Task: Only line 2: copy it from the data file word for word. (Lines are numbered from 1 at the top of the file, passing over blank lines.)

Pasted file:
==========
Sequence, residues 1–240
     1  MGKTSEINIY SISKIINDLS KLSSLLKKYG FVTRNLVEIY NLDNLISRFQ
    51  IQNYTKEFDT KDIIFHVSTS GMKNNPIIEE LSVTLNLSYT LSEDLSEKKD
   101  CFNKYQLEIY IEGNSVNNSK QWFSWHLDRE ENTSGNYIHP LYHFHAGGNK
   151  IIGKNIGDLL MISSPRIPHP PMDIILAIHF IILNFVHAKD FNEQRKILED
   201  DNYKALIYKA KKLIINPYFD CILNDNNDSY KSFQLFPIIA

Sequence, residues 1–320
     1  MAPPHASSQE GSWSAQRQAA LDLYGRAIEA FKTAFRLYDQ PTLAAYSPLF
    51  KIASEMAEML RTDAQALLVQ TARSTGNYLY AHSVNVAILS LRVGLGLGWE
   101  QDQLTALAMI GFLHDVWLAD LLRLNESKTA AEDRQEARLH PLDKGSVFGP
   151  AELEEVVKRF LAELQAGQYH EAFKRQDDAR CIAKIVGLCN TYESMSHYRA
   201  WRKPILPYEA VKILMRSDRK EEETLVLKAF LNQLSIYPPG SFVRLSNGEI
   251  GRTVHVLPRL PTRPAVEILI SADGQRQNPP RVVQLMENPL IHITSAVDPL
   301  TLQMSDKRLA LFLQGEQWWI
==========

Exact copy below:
     1  MGKTSEINIY SISKIINDLS KLSSLLKKYG FVTRNLVEIY NLDNLISRFQ